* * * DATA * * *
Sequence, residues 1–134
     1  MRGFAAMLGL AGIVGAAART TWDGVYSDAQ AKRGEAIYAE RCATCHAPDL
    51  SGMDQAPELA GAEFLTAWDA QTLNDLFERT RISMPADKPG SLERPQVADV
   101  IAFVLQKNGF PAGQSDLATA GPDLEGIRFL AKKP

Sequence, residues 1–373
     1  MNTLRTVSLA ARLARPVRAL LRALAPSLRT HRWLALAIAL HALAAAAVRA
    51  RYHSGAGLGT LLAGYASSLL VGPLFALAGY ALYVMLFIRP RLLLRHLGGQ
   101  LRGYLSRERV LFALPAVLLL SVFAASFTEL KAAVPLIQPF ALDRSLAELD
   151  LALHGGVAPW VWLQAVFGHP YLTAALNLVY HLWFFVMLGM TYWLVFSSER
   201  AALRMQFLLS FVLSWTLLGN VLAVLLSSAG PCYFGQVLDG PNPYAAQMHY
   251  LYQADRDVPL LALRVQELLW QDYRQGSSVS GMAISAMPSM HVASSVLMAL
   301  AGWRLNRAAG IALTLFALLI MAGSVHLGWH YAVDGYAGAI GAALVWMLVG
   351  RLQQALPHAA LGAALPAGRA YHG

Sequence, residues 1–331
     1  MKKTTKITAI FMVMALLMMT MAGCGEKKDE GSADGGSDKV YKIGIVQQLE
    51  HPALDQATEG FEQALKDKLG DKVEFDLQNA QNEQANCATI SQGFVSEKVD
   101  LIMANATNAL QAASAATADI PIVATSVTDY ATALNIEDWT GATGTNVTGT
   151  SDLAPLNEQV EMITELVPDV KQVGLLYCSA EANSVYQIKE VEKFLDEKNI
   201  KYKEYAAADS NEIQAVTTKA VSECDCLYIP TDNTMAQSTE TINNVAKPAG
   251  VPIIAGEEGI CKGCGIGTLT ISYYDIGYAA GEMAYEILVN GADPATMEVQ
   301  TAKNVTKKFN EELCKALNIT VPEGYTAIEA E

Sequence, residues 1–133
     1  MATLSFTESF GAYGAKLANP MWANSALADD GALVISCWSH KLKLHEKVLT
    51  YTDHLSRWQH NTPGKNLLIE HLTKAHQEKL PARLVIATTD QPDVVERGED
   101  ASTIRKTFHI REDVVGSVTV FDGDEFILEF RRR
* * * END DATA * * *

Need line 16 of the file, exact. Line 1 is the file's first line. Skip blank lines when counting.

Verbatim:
    51  HPALDQATEG FEQALKDKLG DKVEFDLQNA QNEQANCATI SQGFVSEKVD